What are the challenges for women in sustainability science? 

Dr. Raina: There are challenges for women in the sciences in general. Sustainability science which demands a reform of current disciplinary science, the many gate keepers, and the institutional sclerosis will only make it more difficult for women to conduct research. Several experiments will have to de designed for empirical adequacy and not exactly for accuracy, for novelty and applicability to context specific human or environmental need and not for consistency and universal scope and scale across diverse systems. Teaching sustainability science will also be difficult because the pedagogy has to evolve with and cater to the context specific bio-physical realities, and social, political realities.

It is unlikely that women will be allowed these choices, experimental learning opportunities and space to articulate the institutional (new rules, norms) changes needed for sustainability science.

What measures can we adopt to promote sustainability science?

Dr. Raina: For this, we will need the humanities and social sciences to engage more with people and with the formal sciences. We have to introduce STS (science, technology, society studies), feminist science studies, and environmental social sciences, in our formal education system with sustainability science studies as an integral part; this is essential to transform the organization of research (the centralized, consolidated model of scientific research is not helping advance knowledge, the economy/society, or the ecosystem), to redraw disciplinary boundaries and the responsibility of knowledge (let us confront the fact that the agricultural sciences are not held accountable for any of the agrarian crises/distress or malnutrition we see in India today; it is as if the agricultural sciences exist in a parallel universe, that will not engage with us);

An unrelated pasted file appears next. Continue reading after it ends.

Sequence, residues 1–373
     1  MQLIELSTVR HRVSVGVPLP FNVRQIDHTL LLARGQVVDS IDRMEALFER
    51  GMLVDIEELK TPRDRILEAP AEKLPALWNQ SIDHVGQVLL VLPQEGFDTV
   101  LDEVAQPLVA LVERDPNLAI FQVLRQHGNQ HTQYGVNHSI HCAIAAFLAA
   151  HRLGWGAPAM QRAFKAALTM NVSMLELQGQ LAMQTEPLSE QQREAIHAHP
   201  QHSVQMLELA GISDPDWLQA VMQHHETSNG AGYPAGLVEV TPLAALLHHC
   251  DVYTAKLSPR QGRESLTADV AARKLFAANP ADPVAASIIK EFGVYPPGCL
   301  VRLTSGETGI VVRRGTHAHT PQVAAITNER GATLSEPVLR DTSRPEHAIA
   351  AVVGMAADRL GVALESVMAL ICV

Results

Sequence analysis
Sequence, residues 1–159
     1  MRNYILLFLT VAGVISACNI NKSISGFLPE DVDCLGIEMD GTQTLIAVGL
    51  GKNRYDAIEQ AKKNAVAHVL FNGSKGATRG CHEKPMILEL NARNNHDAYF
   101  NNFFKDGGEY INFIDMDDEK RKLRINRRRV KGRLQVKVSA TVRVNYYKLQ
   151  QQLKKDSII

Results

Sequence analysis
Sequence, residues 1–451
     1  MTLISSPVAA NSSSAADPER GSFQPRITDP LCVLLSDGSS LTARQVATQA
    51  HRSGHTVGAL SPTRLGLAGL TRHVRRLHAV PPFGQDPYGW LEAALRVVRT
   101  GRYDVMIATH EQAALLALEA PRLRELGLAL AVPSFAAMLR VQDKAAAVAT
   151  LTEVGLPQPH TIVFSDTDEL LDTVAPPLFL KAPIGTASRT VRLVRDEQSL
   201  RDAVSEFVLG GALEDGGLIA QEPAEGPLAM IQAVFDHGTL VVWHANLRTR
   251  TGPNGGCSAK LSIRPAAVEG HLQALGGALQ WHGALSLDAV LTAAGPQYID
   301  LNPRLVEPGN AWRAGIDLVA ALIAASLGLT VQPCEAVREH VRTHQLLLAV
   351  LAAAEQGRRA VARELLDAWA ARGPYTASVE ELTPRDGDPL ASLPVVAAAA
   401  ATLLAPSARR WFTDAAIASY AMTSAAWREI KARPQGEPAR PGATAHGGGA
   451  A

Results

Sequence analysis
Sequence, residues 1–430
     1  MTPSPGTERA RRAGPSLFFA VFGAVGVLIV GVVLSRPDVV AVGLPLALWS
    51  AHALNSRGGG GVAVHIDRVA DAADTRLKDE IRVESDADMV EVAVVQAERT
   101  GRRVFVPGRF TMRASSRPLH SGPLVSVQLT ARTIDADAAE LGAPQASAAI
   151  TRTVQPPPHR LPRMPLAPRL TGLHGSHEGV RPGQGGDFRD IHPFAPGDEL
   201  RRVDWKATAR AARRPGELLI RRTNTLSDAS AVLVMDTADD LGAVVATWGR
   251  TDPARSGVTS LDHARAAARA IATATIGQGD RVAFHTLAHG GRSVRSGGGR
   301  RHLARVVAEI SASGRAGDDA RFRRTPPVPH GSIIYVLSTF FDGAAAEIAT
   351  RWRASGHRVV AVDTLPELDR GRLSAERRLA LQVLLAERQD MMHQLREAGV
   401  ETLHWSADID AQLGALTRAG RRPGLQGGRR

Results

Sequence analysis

We must demand public spaces and dialogues reinforced with democratic values;  we have to acknowledge that franchise alone is not enough for us to know and work towards a sustainable, equitable world, and that sustainability science demands voice and authenticity for decentralized democratic knowledge generation.

And lastly, we need to develop governance systems and mechanisms that are designed to respect, adapt to and live with variability and complexity, especially in knowledge based bioeconomies. May I cite our environmental information systems as an example here. If sustainability science has a future in India, we will have local environmental records centers in every Block or perhaps in agro-ecological zones within Blocks, where citizens generate and maintain their local environmental data with the support of the sciences, analyse and interpret and redefine their knowledge-policy-practice decisions based on the purpose – resilient and sustainable social-ecological systems. A national environmental information portal or data base in one Ministry in the Union Government is an anomaly.